The damper 22,30 for the secondary air is arranged in such a manner that it is blocked purely mechanically against being able to be totally closed, in that to preclude any risk of explosion in a closed-down stove, the stove should be provided with a very weak flow of air under all circumstances, i.e. also upon failure of the power supply for the actuators which drive the damper plates 31.
The control box 32 shown in the drawing belongs with the stove, in that e.g. it can be mounted on a wall over or at the side of the stove. This box has a display 34 which can show various operational conditions such as “stove gone out”, “stove lighting-up”, “high effect”, “½ effect”, “low effect”, “stove burning out” or “fuel needed”. The control box also has pushbuttons 36 for entering commands in connection with the user's selection of “lighting-up” and selection of high and low effect respectively, for example given by the said flue gas temperatures of respectively 300 and 400°. Moreover, the control box can have signal lamps 38 for the indication of special operating conditions such as “fuel needed” or “stove gone out”, regardless of whether the same message is possibly also shown in the display 34. However, the display can possibly be dispensed with.
The control box can also comprise or be connected to a clock 40 and a room thermostat 42.
The regulating sequence already described is illustrated in FIG. 2, where I, II and III represent the damper openings for primary, secondary and tertiary air respectively, while T indicates the flue gas temperature. When the control unit is coupled electrically with a cold stove, the regulating dampers for all three types of supply air will be immediately fully opened, cf. the rising curves A. The curve system is shown on a time axis t, where to represents a point in time, where the user connects current to the control system in connection with the stove being taken in use. All three regulation dampers are hereby controlled for full opening as shown at A. At ti, an ignition is effected, and in that connection the user presses a button for the selection of either “high” or “low” effect, partly to mark this selection and partly to mark the time of ignition.
Regardless of the selection made, in the ignition phase the dampers will remain fully open, and the temperature of the flue gas will rise to around 400°. When this-is registered by the temperature sensor, at the time “0” there will occur a down-regulation of the air intakes, so that the secondary air and tertiary air supplies are switched over to “operative conditions” for maintaining the said high level of the flue gas temperature. On the other hand, the damper for the primary air will be displaced to a position in which it is only slightly open, which is maintained throughout the following approx. 10 minutes, which represent a “warming-through phase” for the stove.
After these approx. 10 minutes, marked by “10” on the time axis, the primary air damper is fully closed, and the control unit now recalls whether the high or the low effect has been selected. With high effect, the operative regulation of secondary and primary air is continued along respective curves T1, II1, and III1, while at low effect a change occurs to control via respective curves I2, II2 and III2 for maintaining the flue gas temperature at approx. 300°.
During operation, the user can add new fuel in accordance with an expected requirement, without this having any influence on the control, but if the temperature falls to e.g. 270° at “high effect” (T3) or 240° at “low effect” (T4), the control unit will then, e.g. via a lamp, indicate “fuel needed”.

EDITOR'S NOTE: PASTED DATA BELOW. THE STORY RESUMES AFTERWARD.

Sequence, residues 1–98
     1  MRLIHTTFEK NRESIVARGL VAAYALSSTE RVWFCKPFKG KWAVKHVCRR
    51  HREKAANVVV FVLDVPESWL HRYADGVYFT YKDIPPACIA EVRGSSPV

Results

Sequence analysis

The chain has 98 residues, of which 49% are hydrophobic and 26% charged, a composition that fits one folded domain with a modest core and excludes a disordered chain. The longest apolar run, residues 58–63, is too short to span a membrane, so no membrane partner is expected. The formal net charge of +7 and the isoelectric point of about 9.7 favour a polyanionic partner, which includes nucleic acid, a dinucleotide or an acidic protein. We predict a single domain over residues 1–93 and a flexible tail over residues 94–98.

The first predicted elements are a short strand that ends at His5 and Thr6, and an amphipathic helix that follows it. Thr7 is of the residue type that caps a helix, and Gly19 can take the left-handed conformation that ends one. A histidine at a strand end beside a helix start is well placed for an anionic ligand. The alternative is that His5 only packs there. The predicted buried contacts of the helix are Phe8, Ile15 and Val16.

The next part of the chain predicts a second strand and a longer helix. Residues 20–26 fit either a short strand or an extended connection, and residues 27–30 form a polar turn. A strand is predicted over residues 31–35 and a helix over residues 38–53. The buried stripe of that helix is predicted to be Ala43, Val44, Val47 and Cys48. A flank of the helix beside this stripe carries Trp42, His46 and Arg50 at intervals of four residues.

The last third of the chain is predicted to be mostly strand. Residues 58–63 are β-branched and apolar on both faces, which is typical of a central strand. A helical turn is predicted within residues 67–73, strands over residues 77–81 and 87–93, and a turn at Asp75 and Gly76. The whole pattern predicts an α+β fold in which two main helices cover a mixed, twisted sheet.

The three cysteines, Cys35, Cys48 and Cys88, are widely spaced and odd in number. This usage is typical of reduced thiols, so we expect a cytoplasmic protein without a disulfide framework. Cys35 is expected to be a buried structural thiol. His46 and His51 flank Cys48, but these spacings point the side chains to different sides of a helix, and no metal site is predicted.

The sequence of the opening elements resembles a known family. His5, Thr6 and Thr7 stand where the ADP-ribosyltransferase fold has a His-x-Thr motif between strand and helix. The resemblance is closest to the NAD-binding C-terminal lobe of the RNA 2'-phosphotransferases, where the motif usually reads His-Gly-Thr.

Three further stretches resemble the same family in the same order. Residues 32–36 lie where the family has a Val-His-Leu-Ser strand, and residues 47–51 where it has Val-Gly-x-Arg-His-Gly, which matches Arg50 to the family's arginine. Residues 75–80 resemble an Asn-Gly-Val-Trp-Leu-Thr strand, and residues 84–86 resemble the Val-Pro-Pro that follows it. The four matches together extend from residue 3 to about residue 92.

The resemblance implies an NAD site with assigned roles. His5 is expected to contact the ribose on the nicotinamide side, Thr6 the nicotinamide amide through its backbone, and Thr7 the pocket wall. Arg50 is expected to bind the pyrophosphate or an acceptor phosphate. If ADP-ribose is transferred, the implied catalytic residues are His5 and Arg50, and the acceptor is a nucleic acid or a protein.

This is a critical point, in that the control hereafter will switch to a special “burn-out” control if a refiring is not effected more or less quickly. If a re-firing is effected, the user must therefore inform the control unit via the keys that new fuel has now been added, as is marked on the time axis. There is hereby selected a “re-ignition”function, by which the control unit effects full opening for the secondary air, II3, until the working temperature has been re-established. This full opening is preferably maintained for approx. 5 minutes in order to ensure renewed warming-through, after which there is a change to “working operation”again. There can possibly be arranged an automatic registration of the re-firing, e.g. by the sensing of movement in the fire chamber. During the re-firing phase, the lambda probe continues its normal regulation of the tertiary air.
On the other hand, if “fuel added” is not marked, or if such an addition is made so late that an effective re-kindling of the fire cannot be counted on, e.g. at a fall in temperature to below 270°, the control will then set itself for “burn-out”, whereby the secondary air is fully opened for good utilisation of the last fuel, though only until it is ascertained that the temperature falls further to e.g. 230° as a sign of continued burn-out. Hereafter, the control effects a closing-down of both the secondary and the tertiary air (II4 and III4) but, however, while maintaining a weak supply of secondary air II5 until the stove has completely burnt out (T<50°).
The control can also be regulated up and down by signals from the clock 40 or from the thermostat 42.
It should be mentioned that from controlled experiments with stoves of different types, it has been found possible to simplify the control of the tertiary air, in that the oxygen or the CO meter can be dispensed with, and instead work with permanent settings under various operating conditions. For example, in connection with a given type of stove it can be found that at “low” secondary air (e.g. at a damper setting of 0-2 on a step scale of up to 10), the damper for the tertiary air can be set at step 7 at a flue gas temperature of 300° or at step 3 at 400°, while the corresponding steps should be 1 and 0 respectively at “high” secondary air (step 5-10). The lambda probe can hereby be dispensed with and the control as a whole is simplified.
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|U.S. Classification||126/77, 126/290, 110/190, 431/62|
|International Classification||F23N1/02, F23N5/00, F24B1/02, F24B5/02|
|Cooperative Classification||F23N2035/06, F23N2025/10, F23N2039/02, F24B5/026, F23N2025/12, F24B1/028, F23N5/003, F23N2031/22, F23N1/02, F23N2037/16|
|European Classification||F24B1/02G, F24B5/02B4, F23N5/00B|
|Nov 29, 2000||AS||Assignment|
Owner name: MORSO JERNSTOBERI A/S, DENMARK
Free format text: ASSIGNMENT OF ASSIGNORS INTEREST;ASSIGNORS:ANDERSEN, VIGGO SOREN;HANSEN, PETER PORS JESSEN;REEL/FRAME:011418/0947
Effective date: 20001120
|Dec 29, 2006||FPAY||Fee payment|
Year of fee payment: 4
|Dec 13, 2010||FPAY||Fee payment|
Year of fee payment: 8
|Jan 22, 2015||FPAY||Fee payment|
Year of fee payment: 12